Spoiler alert! We made it!!!

But let me tell the story from where I left it, at Snoqualmie pass. As I mentioned it’s only 260 miles to the border from there, so you’d think we’d do that without effort, right? But the pct didn’t let us go easily. The last days were hard.

Seen along the way – it seems we’re not the only ones feeling this way…πŸ˜‰ It made me laugh and thus helped a lot!

Climbing up into the mountains from Snoqualmie pass, the clouds start to cover first the valleys and then the sky – quite impressive, but also scary: According to the weather forecast it’s suppose to be cold and rainy for days now.

We’re still over the “sea of clouds” – but not for long…

And unfortunately, this is correct. The Northern Cascades are apparentely very beautiful, but we don’t see much of them. Most of the time, they are covered by big, dark clouds and fog. Not seeing the views makes our hike once again mentally very tough – it feels so pointless to climb up and down while being soaking wet and cold without seeing anything but wet trees. Hiking feels more like a chore and I often can’t enjoy the moment anymore. This is not what I want this hike to be – but I have to remind myself that in an adventure there are not only good but also bad times and that this is ok.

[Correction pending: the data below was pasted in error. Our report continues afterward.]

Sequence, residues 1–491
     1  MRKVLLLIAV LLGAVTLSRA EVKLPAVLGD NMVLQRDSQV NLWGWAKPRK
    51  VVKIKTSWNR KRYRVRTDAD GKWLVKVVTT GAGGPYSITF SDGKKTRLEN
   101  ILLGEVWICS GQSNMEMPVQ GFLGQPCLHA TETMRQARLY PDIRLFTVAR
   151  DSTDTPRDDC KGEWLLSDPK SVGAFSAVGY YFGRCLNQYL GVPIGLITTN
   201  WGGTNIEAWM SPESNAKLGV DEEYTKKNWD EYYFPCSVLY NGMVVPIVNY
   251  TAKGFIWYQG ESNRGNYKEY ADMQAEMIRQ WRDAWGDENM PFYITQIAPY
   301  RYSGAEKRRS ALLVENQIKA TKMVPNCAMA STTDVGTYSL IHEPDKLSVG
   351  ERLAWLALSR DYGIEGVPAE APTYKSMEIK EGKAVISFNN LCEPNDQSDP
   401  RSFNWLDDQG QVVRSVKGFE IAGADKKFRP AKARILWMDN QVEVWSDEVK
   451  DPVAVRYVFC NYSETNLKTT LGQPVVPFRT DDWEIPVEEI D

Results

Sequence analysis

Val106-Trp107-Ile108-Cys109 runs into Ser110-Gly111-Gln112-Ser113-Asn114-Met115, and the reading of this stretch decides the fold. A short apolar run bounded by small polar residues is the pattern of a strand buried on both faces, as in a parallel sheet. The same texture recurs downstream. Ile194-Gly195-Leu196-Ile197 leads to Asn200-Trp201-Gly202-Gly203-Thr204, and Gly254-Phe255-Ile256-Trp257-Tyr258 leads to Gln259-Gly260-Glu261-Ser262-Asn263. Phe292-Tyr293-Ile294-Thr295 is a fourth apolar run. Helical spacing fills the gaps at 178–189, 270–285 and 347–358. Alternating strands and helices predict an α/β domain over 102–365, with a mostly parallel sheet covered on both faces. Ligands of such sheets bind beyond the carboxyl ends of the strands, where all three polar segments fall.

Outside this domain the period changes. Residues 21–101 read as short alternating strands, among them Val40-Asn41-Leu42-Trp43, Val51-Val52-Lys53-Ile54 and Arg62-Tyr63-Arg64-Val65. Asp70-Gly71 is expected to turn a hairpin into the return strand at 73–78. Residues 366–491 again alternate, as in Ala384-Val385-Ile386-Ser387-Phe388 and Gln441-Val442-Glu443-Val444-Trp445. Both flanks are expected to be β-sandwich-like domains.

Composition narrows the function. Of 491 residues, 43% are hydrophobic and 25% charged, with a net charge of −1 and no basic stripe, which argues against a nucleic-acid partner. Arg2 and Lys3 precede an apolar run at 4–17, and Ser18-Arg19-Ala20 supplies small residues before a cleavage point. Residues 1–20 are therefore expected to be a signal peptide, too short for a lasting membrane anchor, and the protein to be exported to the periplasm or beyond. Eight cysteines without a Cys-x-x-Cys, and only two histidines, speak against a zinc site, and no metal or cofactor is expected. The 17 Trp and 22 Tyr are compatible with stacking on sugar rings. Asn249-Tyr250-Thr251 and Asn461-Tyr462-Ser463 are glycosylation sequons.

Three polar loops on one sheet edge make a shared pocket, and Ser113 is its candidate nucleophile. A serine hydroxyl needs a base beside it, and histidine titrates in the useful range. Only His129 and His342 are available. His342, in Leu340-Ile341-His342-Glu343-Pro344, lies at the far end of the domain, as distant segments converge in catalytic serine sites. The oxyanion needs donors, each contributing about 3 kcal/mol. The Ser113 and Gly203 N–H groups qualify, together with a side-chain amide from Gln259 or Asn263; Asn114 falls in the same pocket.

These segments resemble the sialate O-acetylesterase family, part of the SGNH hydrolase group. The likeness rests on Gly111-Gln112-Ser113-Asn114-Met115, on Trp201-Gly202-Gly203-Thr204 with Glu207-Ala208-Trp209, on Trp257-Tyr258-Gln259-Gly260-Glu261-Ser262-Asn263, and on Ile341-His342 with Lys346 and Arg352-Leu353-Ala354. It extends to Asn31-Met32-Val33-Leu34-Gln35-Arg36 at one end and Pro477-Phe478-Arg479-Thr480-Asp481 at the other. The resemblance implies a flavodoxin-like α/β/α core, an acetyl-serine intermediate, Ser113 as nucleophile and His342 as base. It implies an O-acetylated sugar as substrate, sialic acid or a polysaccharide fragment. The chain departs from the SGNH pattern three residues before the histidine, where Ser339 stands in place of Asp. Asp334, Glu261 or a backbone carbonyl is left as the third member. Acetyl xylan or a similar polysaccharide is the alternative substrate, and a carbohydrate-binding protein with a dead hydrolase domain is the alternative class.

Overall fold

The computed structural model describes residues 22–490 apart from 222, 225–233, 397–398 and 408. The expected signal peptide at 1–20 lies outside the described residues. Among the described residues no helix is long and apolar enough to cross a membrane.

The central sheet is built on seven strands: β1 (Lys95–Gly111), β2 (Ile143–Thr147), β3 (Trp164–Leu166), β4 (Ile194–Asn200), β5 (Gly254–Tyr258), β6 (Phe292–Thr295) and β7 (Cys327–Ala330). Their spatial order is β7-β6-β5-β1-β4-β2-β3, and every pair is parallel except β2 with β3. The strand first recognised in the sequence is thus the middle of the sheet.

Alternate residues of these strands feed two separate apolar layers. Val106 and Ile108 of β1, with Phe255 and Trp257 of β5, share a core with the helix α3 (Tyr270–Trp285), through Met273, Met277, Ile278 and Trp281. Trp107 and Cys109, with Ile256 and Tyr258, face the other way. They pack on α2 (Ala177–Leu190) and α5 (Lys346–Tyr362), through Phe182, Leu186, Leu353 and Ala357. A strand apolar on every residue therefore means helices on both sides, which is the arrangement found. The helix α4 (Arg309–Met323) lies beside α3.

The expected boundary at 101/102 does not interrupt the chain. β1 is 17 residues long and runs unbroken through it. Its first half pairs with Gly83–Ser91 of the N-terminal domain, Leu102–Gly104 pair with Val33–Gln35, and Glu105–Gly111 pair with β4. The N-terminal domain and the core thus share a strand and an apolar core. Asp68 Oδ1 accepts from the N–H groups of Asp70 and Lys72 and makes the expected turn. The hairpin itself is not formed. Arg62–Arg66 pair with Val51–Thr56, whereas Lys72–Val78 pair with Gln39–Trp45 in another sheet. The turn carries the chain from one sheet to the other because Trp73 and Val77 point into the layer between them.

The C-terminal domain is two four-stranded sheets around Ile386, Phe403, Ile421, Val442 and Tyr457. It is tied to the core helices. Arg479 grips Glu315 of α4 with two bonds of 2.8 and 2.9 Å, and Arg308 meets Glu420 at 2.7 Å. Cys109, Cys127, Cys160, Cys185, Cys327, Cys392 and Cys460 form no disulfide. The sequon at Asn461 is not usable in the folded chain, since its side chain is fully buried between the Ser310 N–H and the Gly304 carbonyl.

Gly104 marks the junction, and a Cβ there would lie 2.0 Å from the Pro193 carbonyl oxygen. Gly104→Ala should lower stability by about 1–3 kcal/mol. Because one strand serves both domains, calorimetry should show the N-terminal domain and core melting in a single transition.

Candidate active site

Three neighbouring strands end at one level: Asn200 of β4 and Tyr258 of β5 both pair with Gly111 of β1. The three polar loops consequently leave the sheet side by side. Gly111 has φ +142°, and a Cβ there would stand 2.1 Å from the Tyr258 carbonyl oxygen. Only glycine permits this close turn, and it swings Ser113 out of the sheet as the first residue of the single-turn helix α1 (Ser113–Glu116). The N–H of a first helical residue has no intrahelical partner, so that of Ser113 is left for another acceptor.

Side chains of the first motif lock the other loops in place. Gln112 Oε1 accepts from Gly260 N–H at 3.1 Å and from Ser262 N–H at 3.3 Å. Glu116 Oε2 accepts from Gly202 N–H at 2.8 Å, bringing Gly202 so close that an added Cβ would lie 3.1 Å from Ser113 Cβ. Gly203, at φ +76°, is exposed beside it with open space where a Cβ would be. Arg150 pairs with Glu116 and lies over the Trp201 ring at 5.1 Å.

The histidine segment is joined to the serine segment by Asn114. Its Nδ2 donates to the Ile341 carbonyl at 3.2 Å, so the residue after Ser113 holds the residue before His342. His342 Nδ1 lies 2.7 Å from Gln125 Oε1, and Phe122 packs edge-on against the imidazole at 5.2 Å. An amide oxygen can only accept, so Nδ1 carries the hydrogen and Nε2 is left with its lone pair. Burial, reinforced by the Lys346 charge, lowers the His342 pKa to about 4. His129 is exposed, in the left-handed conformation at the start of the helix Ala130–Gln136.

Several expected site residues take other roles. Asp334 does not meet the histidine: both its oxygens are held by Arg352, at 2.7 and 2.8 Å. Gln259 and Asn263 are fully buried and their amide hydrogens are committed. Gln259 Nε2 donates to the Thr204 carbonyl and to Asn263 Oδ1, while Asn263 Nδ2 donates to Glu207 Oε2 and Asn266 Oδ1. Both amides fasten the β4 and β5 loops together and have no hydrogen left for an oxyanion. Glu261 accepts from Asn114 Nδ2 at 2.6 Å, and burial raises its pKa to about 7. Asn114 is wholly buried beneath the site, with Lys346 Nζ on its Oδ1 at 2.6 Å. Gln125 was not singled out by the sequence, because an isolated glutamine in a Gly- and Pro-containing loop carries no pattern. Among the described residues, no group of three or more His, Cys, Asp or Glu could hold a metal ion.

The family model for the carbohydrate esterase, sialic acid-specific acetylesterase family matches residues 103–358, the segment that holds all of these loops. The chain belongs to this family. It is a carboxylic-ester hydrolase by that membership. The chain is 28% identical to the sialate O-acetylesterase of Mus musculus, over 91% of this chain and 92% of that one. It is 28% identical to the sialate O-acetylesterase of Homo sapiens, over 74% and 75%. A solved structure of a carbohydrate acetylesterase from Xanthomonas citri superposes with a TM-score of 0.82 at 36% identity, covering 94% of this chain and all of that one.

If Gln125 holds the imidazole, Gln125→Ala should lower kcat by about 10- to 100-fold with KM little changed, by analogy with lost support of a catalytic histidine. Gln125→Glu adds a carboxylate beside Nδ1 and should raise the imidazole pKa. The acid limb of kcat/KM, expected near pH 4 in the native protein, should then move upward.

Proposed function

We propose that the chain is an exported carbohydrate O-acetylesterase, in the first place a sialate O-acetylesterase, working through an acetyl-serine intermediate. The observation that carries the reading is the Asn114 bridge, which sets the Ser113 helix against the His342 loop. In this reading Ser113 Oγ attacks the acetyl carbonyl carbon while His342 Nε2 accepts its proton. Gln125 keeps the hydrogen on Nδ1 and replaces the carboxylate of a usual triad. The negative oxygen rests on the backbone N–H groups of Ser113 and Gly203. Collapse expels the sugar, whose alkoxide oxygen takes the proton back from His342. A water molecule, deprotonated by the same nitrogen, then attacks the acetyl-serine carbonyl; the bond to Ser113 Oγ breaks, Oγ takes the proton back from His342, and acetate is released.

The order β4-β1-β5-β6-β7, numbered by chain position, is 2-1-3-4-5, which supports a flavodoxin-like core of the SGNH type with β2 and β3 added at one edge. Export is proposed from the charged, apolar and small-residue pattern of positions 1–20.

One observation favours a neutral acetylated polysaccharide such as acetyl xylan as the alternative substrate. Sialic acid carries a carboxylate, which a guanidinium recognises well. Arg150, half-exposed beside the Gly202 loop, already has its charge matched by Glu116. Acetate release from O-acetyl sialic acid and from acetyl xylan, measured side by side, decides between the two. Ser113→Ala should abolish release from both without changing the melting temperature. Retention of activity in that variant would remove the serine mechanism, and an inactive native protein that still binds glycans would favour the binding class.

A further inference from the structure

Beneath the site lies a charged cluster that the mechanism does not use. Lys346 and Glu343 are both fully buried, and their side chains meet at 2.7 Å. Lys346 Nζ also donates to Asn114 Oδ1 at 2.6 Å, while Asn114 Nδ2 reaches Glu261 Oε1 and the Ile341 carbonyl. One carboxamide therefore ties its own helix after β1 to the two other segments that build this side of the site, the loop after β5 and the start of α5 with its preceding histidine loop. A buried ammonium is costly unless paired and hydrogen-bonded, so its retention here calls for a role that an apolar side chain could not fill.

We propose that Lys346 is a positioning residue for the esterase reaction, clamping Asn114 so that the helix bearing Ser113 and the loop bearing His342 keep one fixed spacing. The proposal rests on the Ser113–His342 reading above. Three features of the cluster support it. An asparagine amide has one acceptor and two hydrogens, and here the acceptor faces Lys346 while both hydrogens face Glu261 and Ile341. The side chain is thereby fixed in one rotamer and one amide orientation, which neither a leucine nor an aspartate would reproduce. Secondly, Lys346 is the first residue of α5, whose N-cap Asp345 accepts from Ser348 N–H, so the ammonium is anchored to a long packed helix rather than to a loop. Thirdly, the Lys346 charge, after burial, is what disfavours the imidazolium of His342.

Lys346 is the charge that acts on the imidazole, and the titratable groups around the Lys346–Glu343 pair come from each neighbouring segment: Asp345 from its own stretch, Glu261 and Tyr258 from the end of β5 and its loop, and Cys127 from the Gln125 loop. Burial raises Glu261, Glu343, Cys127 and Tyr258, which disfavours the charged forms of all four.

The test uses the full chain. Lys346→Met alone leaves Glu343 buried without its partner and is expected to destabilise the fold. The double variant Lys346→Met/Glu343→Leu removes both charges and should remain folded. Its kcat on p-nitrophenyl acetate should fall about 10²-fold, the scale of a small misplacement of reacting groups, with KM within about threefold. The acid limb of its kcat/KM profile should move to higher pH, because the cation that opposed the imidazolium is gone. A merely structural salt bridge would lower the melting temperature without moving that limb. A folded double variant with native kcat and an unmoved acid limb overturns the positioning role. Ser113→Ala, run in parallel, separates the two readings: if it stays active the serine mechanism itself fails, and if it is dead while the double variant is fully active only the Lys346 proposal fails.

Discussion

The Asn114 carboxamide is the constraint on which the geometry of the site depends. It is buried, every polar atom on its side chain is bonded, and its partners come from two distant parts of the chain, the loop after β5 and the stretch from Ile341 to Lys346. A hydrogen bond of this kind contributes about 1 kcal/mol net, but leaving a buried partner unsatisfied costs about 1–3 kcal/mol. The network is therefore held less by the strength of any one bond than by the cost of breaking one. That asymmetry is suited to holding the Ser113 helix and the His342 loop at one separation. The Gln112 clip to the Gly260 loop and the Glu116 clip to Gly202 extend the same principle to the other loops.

Despite of the weather we also have good moments. There is a great sunny day after hiking out of Stevens pass and there are a few hours here and there when the clouds drift apart and the sun shines through a little. Then we can enjoy spectacular scenery! After all, they call these mountains “the Alpes of the West”. It often reminds me of home… And even in the rain there are not only bad moments…

Just wow!πŸ˜„

Wet trees…πŸ˜‰ But giant and therefore very impressive ones!

More wet trees…πŸ˜‰ It’s like a jungle – really cool!

A colourful highlight in the rain!

Although the bridge is broken, we can still cross without getting wet feet! We’re very lucky!

There is a lot of wildlife, too. It’s always interesting and fun to spot animals and watch them for a little. There are the omnipresent but still very funny chipmunks. Probably I only still think they are cute because we are lucky and never get chewed through tents, backpacks and foodbags… As we’re in alpine mountains again, there are marmots, too. And for the first time, we see pikas! Ever since learning about their existence in the Sierra Nevada I wanted to see one of these little rodents that look like a mixture between a mouse and a rabbit and live high up in the rocks. In the Sierra there was just too much snow and they hadn’t really gotten out yet, but now, they are everywhere! I try to imitate their calls which always confuses them a little – they are so cute when they sit on a rock looking around for the source of the weird noise…πŸ˜‰